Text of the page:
We take windows for granted. Windows protect us from the cold, keep the warm or cool air inside our homes, and buffer noise. But glass windows have not been the norm throughout history. How long have we used glass for windows? When and where do glass windows come from?
Windows in The Ancient Era
About 3,500 years ago, window openings were simply covered with animal hides, cloth, or wood. The invention of shutters was a breakthrough technology in closing openings–especially for the night.
The first glass window didn’t show up until around 400 B.C. in the Roman Empire. That’s a 2,400 years ago! The Romans did introduce glass windows to the world, but for Roman civilians living in warmer climates, windows were not as much of a necessity as they were in colder areas. The balmy Mediterranean temperatures meant that glass windows existed mainly as expensive novelties.
In 50 B.C., the invention of glassblowing increased the quality of glass windows drastically, but the windows were still thick and contained striation lines created by the blowing technique used to expand the glass. These windows did allow some light in, but such thick windows did not allow the building’s occupants to enjoy the view. For that reason, shutters were still preferred.
Windows in The Middle Age
It took almost another 600 years until a new method of window manufacture sprang up in Germany along the Rhein river. For those living in the colder northern regions, glass windows provided needed protection from winter weather. Glass was a difficult skill to master, and skilled glassblowers were called “gaffers,” a combination of “grandfather” and “masters.” Perfecting the art took years of dedicated study and practice. During this time, many different techniques of glass manufacture were invented, but the most advanced was called the “crown method,” and it was developed in Normandy. In this process, glass was blown into a sphere and then carefully flattened into a plate or disc, which was then cut to size.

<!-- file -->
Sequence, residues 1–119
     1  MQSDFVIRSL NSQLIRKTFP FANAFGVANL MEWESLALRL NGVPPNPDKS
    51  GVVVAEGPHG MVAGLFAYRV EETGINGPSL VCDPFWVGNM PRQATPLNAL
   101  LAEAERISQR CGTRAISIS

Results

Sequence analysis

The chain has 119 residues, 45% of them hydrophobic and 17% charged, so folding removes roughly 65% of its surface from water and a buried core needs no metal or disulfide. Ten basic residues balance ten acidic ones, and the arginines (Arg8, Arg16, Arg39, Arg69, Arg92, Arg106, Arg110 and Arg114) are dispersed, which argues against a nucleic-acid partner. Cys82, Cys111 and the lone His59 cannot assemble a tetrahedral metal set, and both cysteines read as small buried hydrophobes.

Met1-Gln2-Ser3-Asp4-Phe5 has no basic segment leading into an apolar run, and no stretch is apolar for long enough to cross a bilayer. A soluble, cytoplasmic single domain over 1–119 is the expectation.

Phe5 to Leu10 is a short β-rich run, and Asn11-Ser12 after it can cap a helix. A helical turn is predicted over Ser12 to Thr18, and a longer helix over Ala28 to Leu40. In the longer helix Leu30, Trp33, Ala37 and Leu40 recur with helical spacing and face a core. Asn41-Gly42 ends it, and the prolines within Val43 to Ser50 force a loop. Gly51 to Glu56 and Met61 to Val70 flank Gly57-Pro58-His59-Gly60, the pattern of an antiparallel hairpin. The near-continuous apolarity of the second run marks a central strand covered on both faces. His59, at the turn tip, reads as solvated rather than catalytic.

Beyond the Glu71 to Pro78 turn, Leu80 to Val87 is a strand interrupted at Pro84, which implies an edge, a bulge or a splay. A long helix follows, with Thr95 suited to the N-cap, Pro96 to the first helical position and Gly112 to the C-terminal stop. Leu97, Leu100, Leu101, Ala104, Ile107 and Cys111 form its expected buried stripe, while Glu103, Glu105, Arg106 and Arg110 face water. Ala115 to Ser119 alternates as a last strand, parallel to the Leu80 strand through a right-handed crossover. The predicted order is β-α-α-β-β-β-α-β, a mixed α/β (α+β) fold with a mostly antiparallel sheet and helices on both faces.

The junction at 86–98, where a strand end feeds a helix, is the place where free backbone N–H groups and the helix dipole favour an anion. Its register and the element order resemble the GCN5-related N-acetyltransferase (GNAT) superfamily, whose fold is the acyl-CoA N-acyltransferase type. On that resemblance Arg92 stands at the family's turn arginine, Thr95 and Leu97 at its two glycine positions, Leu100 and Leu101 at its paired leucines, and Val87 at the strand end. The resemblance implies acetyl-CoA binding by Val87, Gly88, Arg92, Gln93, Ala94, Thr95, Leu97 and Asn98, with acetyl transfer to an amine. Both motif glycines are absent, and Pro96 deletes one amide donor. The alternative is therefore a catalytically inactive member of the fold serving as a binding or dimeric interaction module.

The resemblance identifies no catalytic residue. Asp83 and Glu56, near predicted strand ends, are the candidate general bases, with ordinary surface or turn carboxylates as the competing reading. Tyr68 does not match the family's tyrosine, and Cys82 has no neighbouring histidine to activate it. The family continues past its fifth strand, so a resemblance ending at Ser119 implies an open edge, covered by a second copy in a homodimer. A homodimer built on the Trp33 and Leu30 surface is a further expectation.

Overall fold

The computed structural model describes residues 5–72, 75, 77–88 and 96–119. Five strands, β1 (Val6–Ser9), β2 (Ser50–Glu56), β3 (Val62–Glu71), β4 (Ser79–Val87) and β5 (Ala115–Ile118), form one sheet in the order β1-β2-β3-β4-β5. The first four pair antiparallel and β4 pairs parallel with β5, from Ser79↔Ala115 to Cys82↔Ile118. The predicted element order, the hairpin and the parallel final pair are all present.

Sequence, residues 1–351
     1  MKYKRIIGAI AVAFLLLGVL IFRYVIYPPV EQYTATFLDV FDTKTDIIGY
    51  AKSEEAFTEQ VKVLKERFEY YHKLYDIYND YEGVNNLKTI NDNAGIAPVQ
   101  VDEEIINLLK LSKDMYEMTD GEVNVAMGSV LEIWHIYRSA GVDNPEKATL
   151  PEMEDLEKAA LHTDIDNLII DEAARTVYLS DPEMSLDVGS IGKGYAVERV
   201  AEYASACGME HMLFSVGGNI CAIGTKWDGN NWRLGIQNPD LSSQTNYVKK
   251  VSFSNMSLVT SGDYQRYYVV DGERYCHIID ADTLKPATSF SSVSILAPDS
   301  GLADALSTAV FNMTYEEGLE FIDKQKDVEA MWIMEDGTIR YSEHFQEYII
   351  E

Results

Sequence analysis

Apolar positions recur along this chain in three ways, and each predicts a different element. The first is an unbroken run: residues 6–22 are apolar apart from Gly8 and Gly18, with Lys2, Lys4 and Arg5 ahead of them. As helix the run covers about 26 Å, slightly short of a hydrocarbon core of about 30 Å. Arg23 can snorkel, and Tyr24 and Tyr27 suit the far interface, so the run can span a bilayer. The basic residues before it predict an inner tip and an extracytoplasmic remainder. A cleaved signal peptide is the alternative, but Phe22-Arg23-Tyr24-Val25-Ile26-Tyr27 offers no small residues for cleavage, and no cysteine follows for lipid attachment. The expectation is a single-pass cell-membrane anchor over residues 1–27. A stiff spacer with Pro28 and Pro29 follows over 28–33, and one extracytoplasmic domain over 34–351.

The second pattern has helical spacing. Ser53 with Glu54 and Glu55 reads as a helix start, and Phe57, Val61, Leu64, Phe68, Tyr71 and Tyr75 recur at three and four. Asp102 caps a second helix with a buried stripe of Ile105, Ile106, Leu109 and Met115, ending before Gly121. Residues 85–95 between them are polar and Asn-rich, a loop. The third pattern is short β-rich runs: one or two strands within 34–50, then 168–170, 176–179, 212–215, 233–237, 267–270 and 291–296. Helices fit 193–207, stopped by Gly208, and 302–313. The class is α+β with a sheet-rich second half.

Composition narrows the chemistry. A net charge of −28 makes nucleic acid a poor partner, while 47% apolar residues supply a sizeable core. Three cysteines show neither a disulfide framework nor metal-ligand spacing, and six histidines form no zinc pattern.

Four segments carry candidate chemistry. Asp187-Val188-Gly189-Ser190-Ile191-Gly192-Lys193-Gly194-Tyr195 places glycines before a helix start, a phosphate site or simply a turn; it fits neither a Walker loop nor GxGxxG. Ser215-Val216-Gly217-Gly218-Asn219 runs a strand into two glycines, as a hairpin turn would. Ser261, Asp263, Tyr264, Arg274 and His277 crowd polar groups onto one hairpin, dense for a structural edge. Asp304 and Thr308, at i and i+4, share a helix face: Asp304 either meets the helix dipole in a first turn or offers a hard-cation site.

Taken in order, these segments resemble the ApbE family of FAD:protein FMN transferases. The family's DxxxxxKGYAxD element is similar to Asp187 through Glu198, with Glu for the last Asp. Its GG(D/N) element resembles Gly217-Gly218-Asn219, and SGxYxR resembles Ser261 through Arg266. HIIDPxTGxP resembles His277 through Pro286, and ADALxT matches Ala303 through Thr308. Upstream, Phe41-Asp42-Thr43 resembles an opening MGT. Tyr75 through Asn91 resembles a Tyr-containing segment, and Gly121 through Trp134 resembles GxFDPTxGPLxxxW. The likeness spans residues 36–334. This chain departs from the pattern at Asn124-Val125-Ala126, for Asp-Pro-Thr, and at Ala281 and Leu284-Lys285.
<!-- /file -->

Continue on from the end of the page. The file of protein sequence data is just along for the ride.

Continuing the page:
Glass Windows for Everyone
In the early middle ages, most of the glass was colored and used in piecing together stunning stained glass Gothic cathedral windows. It was only in 1687 when Bernard Perrot, a famous French gaffer, invented a method of casting molten glass on a large iron table that glass windows became more practical for the use in homes. Perrot’s method reduced most of the distortions that previous methods left behind. This important innovation meant that glass windows were still strong but were now also useful for letting in light as well as views. This type of glass also improved the manufacture of mirrors. Further advances and innovations in glass manufacture made glass windows a possibility for people with larger incomes, and glass windows became more and more common in home building; for centuries, however, breaking a glass window was an expensive tragedy for those in the middle classes, who then had to spend sometimes considerable money on a replacement.
Because of the early work of the Romans and later innovations by glass masters in many different countries, glass windows are now the norm for many homes and buildings throughout the world.